- The reflex to light is absent or lethargic and is combined with wormlike movements of the edge of the pupil, visible in a slit lamp.
- On approaching the object, the pupil responds slowly, the subsequent expansion is also slow.
- Accommodation may show similar tonicity. So, after fixing on a close object, the time of refocusing on a distant object (relaxation of the ciliary muscle) is increased.
- After a long time, the pupil may become small (“little old Adie”).
Concomitant in some cases are the weakening of deep tendon reflexes (Holmes-Adie syndrome) and autonomic dysfunction.
Pharmacological tests. If mecholil 2.5% or pilocarpine 0.125% is instilled into both eyes, the normal pupil will not narrow, and the affected pupil will narrow due to denervation hypersensitivity. Some people with diabetes can also have this reaction, and in healthy people both pupils narrow very rarely.
Oculo-sympathetic paralysis (Horner's syndrome, Horner's)
Causes of Horner's Syndrome
Central (first order neuron)
- brain stem lesions (vascular, tumors, demyelination)
- alternating syndrome Wallenberg
- spinal tumors
Preganglionic (second order neuron)
- pancoast tumor
- carotid and aortic aneurysms and stratification
- neck diseases (glands, trauma, postoperative)
Postganglionic (third order neuron)
- cluster headaches (migraine neuralgia)
- bundle of internal carotid artery
- nasopharyngeal tumors
- otitis media
- cavernous sinus neoplasm
The diagnosis is confirmed with cocaine. Hydroxyamphetamia (paredria) is used to differentiate a preganglionic lesion from a postganglionic one. Epinephrine can be used to evaluate denervation hypersensitivity.
Cocaine 4% is instilled into both eyes.
- Result: the normal pupil expands, Horner's pupil does not.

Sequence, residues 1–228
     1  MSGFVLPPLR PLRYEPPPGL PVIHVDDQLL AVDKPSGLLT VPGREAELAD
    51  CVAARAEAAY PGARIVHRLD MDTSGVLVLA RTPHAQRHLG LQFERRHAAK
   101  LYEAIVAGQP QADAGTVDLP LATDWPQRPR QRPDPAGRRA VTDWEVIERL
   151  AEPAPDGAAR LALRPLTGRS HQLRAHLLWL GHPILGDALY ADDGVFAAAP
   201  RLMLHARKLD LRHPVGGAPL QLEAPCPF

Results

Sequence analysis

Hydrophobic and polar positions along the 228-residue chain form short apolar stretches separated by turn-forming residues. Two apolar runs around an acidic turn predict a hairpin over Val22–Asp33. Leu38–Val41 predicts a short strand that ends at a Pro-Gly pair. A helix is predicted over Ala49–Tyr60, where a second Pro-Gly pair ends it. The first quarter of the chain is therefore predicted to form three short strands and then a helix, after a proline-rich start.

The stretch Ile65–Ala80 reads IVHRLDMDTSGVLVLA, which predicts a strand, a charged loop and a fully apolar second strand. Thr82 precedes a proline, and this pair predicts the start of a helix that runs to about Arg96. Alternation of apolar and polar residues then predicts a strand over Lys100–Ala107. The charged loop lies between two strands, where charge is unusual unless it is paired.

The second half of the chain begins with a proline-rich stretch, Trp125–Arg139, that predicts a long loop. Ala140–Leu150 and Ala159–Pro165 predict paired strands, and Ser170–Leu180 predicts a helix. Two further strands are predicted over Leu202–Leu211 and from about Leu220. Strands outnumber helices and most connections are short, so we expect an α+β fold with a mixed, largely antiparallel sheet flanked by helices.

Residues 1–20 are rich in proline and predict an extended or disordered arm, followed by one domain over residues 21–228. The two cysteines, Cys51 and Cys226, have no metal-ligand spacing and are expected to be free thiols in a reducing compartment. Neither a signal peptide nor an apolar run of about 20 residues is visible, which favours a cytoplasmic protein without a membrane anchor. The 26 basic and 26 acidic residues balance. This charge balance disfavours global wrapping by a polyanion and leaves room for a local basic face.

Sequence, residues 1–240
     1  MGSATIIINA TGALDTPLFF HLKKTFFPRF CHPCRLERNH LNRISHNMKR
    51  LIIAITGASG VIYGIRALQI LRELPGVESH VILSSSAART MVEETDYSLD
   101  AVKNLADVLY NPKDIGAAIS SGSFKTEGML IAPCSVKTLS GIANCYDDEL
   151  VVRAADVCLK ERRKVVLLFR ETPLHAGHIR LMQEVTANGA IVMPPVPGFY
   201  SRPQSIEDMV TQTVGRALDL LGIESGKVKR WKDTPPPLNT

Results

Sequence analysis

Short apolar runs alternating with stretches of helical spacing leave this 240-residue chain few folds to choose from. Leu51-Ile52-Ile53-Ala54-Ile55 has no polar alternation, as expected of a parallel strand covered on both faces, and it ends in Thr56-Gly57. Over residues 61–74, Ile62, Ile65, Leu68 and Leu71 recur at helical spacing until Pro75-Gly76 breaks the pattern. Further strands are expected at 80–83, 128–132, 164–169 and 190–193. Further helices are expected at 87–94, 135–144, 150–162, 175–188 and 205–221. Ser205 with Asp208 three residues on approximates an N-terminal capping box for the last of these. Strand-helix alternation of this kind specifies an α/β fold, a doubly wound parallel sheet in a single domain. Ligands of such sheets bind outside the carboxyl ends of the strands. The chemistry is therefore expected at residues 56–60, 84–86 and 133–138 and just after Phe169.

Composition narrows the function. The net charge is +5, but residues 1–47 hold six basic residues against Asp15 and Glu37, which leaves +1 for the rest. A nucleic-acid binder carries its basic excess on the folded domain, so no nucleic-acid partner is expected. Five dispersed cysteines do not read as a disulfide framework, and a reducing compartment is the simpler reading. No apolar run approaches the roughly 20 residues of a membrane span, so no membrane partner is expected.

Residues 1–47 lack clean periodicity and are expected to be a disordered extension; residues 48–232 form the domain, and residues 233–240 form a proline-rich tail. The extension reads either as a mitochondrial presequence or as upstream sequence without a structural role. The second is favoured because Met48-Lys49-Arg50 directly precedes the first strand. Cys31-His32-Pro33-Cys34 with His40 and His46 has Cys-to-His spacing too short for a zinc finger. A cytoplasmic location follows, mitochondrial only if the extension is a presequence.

- Explanation: Noralrenaline, isolated by postganglionic sympathetic endings, is re-captured, and its action ends. Cocaine blocks reuptake, so norepinephrine accumulates and causes pupil dilation. With Horner’s syndrome, norepinephrine will not be released, so cocaine does not work. Thus, cocaine confirms the diagnosis of Horner syndrome.
Hydroxyamphetamine 1% is instilled into both eyes.
- Result: in preganglionic lesions, both pupils will expand, while in postganglionic pupil Horner will not expand. (The test is performed the day after the effects of cocaine have passed.)
- Explanation: Hydroxyamphetamine increases the release of norepinephrine from postganglionic nerve endings. If this neuron is intact (a lesion of a neuron of the first or second order, as well as a normal eye), the NA will be released and the pupil will expand. With the defeat of the neuron of the third order (postganglionic) expansion can not be, because the neuron is destroyed.
Adrenaline 1: 1000 is instilled into both eyes.
- Result: in a preganglionic lesion, no pupil will expand, because adrenaline will quickly collapse with monoamyoxidase; with postganglionic lesion, Horner’s pupil will expand, and ptosis may temporarily decrease, since adrenaline does not collapse due to the lack of monoamine oxidase.
- Explanation: A muscle lacking motor innervation is more sensitive to the excitatory neurotransmitter released by the motor one. In Horner’s syndrome, the pupil dilator muscle also exhibits “denervational hypersensitivity” to adrenergic neurotransmitters, therefore adrenaline, even in low concentrations, causes a noticeable expansion of Horner’s pupil.